portrait

Search
Results



Art

Distorted Figures Navigate the Aftermath of Environmental Destruction in Portraits by Stamatis Laskos

June 11, 2021

Grace Ebert

“Losing the last rights” (2021), oil on canvas, 200 x 120 centimeters. All images © Stamatis Laskos, shared with permission Fantastically tall figures with elongated limbs and torsos inhabit the distorted, mysterious realities painted by artist Stamatis Laskos (previously). The highly stylized artworks, which extend upwards of six feet, imagine a universe marred by unknown destruction: an elderly man wades through waist-high water while fire burns in the background, a woman retrieves a human skeleton from a flood, and a self-portrait shows the artist shielding his eyes with detached hands. Working with Earth tones and an implied dim light, Laskos…

 

 



Art

Single Eyes Gaze Out of Antique Cutlery, Tins, and Other Objects in Miniature Paintings by Robyn Rich

June 10, 2021

Grace Ebert

All images © Robyn Rich, shared with permission The Georgian era saw the rise in a jewelry trend that’s equally sentimental and peculiar: to remember spouses who had died or to honor clandestine affairs without revealing anyone’s identity, people would commission tiny renderings of a person’s eye to be painted on broaches, rings, and other accessories they could carry with them. Similar to a lock of hair or portrait hidden in a locket, the abstracted feature was anonymous and indiscernible to most but deeply personal to the wearer. Robyn Rich evokes this centuries-old fad with a substantial body of work…

 

 



Art Illustration

Sentrock Captures the Sights of Chicago's Pilsen Neighborhood in a New Series About Mental Health

June 3, 2021

Grace Ebert

…is Sentrock’s analogy “to humanity: a person who is able to find or escape to their freedom by placing them in a different reality.” In the new works, the character travels from person to person, sometimes worn by kids skateboarding down 18th Street and others by the artist himself, like in the moving portrait of him and his mother. Head to Instagram to see the full series and original images, and if you’re in Chicago, keep an eye out for the designs, which Sentrock plans to wheat paste around the city.   Portrait of the artist with his mother Self-portrait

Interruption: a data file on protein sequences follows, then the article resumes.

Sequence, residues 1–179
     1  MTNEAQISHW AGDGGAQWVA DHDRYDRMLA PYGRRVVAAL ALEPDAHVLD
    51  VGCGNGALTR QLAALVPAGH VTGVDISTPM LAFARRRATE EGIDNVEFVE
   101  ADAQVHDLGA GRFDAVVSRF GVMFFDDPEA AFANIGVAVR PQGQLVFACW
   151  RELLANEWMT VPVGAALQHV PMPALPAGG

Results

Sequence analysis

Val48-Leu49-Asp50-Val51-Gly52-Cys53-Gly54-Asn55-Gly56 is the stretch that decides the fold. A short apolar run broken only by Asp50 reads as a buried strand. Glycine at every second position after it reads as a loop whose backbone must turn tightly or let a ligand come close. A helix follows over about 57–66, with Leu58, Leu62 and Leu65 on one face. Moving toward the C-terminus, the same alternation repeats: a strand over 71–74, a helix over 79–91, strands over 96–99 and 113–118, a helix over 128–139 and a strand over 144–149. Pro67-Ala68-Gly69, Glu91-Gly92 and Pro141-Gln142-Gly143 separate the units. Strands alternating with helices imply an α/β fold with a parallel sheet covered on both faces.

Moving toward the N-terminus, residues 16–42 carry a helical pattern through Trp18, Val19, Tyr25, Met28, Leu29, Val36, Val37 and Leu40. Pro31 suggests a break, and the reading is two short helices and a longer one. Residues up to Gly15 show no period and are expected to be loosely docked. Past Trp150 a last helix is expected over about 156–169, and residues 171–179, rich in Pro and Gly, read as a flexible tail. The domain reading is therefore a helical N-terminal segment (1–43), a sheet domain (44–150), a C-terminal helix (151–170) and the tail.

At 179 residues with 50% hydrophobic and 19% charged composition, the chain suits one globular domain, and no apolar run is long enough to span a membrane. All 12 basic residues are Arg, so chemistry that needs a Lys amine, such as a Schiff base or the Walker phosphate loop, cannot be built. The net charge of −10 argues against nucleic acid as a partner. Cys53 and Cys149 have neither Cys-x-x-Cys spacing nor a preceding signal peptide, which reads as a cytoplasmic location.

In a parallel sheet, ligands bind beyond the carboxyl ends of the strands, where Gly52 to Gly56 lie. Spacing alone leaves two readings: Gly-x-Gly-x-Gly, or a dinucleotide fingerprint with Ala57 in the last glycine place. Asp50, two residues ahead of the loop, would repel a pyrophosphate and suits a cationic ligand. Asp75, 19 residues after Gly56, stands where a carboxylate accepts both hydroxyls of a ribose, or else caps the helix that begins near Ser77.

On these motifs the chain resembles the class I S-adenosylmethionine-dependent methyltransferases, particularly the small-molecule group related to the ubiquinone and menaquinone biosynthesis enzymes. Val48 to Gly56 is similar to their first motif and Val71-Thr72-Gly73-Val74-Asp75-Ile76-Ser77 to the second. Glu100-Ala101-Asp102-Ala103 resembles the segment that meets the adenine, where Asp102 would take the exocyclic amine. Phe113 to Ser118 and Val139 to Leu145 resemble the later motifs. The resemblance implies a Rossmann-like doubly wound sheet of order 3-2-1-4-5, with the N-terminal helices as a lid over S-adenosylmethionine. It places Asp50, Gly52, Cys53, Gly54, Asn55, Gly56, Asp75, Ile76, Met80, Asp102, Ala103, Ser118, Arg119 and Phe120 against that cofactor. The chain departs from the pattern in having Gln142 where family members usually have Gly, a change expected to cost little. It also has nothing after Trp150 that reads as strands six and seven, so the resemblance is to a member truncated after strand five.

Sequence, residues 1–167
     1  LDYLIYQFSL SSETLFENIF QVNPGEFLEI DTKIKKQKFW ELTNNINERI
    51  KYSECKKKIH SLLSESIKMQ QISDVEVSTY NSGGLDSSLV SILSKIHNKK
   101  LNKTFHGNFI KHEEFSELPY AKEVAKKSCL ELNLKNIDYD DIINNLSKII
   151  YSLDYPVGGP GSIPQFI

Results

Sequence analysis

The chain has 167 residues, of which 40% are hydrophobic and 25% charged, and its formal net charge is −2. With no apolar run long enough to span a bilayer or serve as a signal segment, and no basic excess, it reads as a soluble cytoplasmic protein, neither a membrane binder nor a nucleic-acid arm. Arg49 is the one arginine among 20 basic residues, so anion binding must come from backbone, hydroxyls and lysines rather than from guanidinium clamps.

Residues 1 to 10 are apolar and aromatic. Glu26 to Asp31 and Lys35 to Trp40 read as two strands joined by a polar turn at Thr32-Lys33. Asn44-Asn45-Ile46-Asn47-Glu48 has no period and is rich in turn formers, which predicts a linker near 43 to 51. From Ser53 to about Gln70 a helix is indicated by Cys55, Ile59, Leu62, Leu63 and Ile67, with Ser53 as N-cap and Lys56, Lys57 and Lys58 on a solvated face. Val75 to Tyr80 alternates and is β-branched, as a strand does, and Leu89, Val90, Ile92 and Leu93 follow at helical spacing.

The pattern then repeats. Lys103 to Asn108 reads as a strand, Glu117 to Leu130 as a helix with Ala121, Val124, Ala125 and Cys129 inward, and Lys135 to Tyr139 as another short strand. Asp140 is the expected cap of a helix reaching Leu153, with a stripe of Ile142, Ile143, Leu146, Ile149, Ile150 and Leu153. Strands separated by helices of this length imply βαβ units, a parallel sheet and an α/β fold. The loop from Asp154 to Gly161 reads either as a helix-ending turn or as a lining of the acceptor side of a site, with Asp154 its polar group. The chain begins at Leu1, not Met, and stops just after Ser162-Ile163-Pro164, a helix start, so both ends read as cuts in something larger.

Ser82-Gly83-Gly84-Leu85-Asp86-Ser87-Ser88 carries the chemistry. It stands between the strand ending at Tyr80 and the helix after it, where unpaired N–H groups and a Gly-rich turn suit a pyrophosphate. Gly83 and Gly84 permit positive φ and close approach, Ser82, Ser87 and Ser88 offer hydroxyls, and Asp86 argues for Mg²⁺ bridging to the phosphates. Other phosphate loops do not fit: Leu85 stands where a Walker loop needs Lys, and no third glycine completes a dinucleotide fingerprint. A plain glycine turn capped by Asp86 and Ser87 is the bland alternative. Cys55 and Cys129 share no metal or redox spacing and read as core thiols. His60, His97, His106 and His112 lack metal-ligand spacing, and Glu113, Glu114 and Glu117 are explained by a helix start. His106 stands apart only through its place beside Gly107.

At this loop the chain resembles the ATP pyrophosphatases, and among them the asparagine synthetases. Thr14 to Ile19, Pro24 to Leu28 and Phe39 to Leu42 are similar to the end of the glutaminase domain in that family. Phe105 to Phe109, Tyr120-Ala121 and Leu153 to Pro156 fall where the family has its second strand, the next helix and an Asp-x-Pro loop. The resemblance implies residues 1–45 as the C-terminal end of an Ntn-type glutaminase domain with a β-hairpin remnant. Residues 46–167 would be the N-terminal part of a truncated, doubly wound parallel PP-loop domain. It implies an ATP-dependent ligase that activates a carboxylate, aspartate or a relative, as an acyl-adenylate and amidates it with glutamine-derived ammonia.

Art

An Expansive Exhibition Pairs Two Indigenous Artists to Explore the Power of Socially Engaged Artmaking

May 21, 2021

Grace Ebert

…speak to contemporary life within Indigenous communities. For example, his 2018 piece “Every One” strings together 4,096 ceramic beads into a pixelated portrait of a young figure. Each individual orb represents one of the women, girls, and queer and trans folks who have been murdered or gone missing in Canada. Watt, who is a member of the Seneca Nation and has Scottish and German heritage, utilizes everyday objects steeped in historical narratives and collective memory. Whether presented through leaning, stacked towers or smaller wall hangings, the Portland-based artist primarily works with materials gathered from the community, like blankets stitched in…

 

 



Art

Coronavirus Satirically Tops Kitsch Figurines Sculpted with Porcelain

May 20, 2021

Grace Ebert

“Holland” (2021). All images © Chrystl Rijkeboer, shared with permission Artist Chrystl Rijkeboer contemporizes sentimental porcelain figurines with a present-day twist: spiky COVID-19 molecules obscure the characters’ facial features, rendering the largely wealthy and ornately dressed figures both anonymous and commonplace in modern contexts. Whether posing for a portrait or mid-curtesy, Rijkeboer’s pieces satirize the long-crafted Meissen figurines, which have been in production since the 18th Century and often romanticize an antiquated world “where women do not represent any relevance but being nice and glamourous,” she tells Colossal. “For me, it is mostly about the position as a woman and…

 

 



Art

Capricious Characters Express Emotional Ambivalence in Yoshitoshi Kanemaki's Glitched Sculptures

May 19, 2021

Grace Ebert

“Fleeting Moment Caprice.” All images @ Yoshitoshi Kanemaki, courtesy of FUMA Contemporary Tokyo, shared with permission Japanese artist Yoshitoshi Kanemaki (previously) carves fickle, ambivalent, and even contradictory sentiments in his figurative sculptures that embody a range of emotions. The wooden characters are surreal in form with multiple limbs, duplicate features, and recurring faces that wind entirely around their bodies. Whether conveyed through kaleidoscopic or blurred techniques, each portrait “expresses the dignity of life as a human being, the hate and harassment that people experience, and the importance of environmental awareness,” the artist says, explaining: It’s the hesitation, contradiction, two-sidedness, or…